Ok, so about that elephant in the room… Prince George hasn’t historically had the best reputation as a desirable destination and being the largest city in northern BC, it’s not without its challenges. But let me tell you, thoses sentiments are well out of date. There is an ongoing revitalization of downtown which is spreading quickly with beautiful modern architecture, incredible restaurants and great breweries and distilleries to enjoy. The riding here is also top notch with a diverse range, large quantity and variety of trails to choose from. With new trail development, a well established cycling culture and a group of local riders dedicated to maintaining the three main riding areas in town, PG should be on your BC riding hit list. And if that’s not enough, for some reason there’s more wedding shops than you can shake a stick at. So there's that.
Getting to Prince George
On a map of BC, Prince George sits right in centre of the province and squarely in the cross hairs of highway 16 running east to west and highway 97 running north to south. The easy accessibility makes it not only the perfect pit stop, but also a worthy destination to occupy a few days on any road trip across the north or, it's an easy addition when checking out Kamloops and Williams Lake.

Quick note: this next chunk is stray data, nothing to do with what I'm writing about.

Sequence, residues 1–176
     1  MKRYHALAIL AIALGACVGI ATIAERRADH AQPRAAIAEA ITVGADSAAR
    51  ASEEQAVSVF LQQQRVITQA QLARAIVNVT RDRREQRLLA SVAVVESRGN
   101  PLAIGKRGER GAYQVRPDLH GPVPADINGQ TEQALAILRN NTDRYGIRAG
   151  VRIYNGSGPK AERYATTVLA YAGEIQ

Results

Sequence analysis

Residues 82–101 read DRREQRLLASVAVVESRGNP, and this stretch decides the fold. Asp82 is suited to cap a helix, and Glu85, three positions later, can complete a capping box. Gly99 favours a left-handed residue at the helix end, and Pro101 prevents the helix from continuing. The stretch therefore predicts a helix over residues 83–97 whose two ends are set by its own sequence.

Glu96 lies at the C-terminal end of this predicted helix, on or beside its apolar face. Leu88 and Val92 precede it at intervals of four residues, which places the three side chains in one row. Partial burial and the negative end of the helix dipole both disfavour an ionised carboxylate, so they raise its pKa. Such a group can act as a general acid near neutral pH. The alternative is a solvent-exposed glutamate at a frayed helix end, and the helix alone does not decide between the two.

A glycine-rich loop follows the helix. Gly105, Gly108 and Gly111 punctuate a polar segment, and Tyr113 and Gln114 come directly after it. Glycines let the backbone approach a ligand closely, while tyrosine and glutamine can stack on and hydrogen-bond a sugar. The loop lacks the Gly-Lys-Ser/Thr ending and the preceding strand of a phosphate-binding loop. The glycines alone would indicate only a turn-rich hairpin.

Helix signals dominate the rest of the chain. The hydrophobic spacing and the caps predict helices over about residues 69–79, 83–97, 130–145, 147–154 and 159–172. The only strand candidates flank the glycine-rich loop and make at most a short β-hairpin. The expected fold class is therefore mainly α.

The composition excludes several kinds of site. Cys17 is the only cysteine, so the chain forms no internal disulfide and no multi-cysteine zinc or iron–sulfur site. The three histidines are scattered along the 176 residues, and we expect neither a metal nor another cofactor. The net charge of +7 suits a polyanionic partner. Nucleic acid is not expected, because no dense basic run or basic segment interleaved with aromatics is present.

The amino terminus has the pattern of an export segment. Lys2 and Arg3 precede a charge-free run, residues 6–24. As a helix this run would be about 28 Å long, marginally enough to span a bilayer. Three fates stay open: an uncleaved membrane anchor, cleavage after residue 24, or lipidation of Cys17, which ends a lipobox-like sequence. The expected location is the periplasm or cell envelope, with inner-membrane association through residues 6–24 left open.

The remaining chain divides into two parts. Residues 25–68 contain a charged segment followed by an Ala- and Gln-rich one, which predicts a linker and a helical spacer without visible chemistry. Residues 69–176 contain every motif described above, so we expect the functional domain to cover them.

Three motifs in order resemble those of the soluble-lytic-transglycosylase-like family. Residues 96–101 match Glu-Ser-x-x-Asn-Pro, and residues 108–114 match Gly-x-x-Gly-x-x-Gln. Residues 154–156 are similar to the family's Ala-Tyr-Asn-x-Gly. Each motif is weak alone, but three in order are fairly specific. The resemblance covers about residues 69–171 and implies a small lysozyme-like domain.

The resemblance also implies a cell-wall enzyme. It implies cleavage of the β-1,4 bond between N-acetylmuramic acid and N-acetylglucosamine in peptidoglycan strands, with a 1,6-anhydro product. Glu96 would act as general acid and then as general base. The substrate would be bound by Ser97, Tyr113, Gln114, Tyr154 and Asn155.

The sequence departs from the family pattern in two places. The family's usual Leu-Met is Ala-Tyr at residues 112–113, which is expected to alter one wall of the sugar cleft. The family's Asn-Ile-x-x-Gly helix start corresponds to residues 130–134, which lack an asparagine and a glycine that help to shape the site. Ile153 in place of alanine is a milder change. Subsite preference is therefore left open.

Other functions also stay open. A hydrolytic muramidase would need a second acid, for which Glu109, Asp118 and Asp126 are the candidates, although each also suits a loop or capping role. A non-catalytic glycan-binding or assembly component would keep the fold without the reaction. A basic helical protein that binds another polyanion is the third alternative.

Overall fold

The Prince George Airport
(YXS) is serviced by three major airlines with daily flights from Vancouver, Edmonton and Calgary and less frequent from smaller destinations.
For a different experience, PG is also on the Skeena rail line and a passenger train operated by VIA Rail
heads east to west with stops in all of the destinations covered in our road trip series. Note that due to Covid-19 the train schedule has been cut to only 1-2 departures per week so make sure you check schedules before planning this mode of transport.
Prince George gets a lot of rain with the most precipitation falling between June and August, but the sandier soil structure drains well for the most part. Summer temperatures are comfortable for riding in the low 20's (70°F) and trend towards the cooler side. Winters are dry and cold with temperatures averaging around -10°C (14°F). Most trails are ready to ride from April to November.
The Best Trails to Ride in PG
The riding here is generally low angle and fast with a penchant for jumps and woodwork across PG’s 3 major networks. University Hill